Trish's Comment: Finally we have some tangible proof of PayPal's progress in the off-line payments industry. It is only a very small-scale trial and it only includes PayPal employees but it is a giant step towards implementation as it already involves POS software upgrades, even if only with a small new set of capabilities. As Gil Luria, analyst at Wedbush wrote in a note to nvestors on Friday 'We believe a full Home Depot roll out would increase PayPal's addressable market by more than 35 percent overnight [...] Although penetration would start at zero, we believe that by adding value to consumers and merchants, PayPal may eventually approach penetration rates comparable to its online presence'.
In any case, it is clear that, at the moment, shoppers would have little incentive to use PayPal at Home Depot. Paying with cash or credit cards is easy enough and PayPal is not yet adding any real value. The partnership would only be powerful if PayPal follows through on its plan to introduce technology that allows 1) retailers to target customers with offers via their smartphones and 2) customers to spend less time searching for items and queuing at checkout.
I look forward to reading (and maybe even experiencing!) PayPal's next steps. Not only do they have the opportunity to revolutionize the customer experience, they are also the first company that is offering a clear option to by-pass credit cards when paying at the counter - you just need to link your PayPal account to your bank account!
From On-Line Strategies blog:
'According to eMarketer
, m-commerce sales in 2011 will nearly double sales from 2010, and then will more than quadruple again by 2015. So what were some of the trends in mobile commerce and alternative payments
that emerged in 2011? Let’s take a look...' Continued.Trish's Comments:
I think that the industry in 2011 can be summed up in one word: Contradictory. It seems to me that it is finding multiple opposing solutions to some key challenges, for example:
1) Google Wallet and NFC payments vs. PayPal and its plans to enable off-line mobile payments that don't depend on NFC adoption.
2) Banks offering mobile payments that use traditional card networks rails vs. the broader opportunity to enable mobile payments that by-pass these networks.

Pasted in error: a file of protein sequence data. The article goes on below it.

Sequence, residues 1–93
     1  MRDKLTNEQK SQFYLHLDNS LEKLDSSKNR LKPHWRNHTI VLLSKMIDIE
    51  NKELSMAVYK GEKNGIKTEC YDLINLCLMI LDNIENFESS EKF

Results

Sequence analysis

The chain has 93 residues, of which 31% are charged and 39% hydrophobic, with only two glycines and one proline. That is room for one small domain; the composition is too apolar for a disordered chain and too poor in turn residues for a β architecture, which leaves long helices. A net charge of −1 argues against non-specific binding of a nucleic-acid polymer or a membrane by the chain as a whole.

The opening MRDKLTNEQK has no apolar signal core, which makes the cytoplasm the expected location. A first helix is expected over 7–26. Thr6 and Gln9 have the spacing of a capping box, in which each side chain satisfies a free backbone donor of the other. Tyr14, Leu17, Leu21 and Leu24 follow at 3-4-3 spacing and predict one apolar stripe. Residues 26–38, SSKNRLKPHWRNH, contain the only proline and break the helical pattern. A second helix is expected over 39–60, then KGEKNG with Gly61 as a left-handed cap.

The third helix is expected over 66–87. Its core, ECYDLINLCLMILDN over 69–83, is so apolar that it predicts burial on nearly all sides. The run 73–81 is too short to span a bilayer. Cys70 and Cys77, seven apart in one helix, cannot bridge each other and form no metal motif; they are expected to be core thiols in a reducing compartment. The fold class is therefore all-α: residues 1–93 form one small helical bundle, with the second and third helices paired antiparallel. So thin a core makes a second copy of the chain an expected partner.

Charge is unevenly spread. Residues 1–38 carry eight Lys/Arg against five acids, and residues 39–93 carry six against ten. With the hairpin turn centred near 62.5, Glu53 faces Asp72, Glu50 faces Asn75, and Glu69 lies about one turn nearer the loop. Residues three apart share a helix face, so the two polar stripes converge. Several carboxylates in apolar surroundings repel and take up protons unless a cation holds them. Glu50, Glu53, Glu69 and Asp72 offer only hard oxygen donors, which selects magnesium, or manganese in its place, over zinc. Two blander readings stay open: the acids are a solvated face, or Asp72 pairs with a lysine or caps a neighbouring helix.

3) Square opting to serve only the swipe-card mobile payments segment vs. iZettle total focus on the EMV segment.
4) Sprint's approach of working with Google Wallet without charging partners or customers (beyond data use) vs. Isis' approach where the other telcos are focusing on defining new revenue models.
And this is just by looking at the US market. This lack of clear trends also applies to Latin America, Africa and Asia where, extreme market fragmentation makes it very difficult for major trends to form and direct the industry. In fact, the fear is that, without a leading force it will take a long time for major trends to emerge because winning initiatives may be restricted to one or a few countries that may not allow the critical mass necessary for the technology to take off. Who could be the regional regulatory body, global macro-corporation or regional entrepreneur to take on this challenge?
In addition, a number of solutions seem to be half-baked and some others have not even been launched yet. An example of the former is Google Wallet, which doesn't fully and conveniently integrate offers and doesn't have access to information on Citi's transactions. PayPal hasn't yet launched its platform.
Obviously, this is typical of a nascent industry and, in fact, is what makes it so exciting and interesting to be part of it. Nothing is yet written in stone and companies need to place several bets and partner with different players to keep their options open in an ever-changing market. Fun, fun, fun!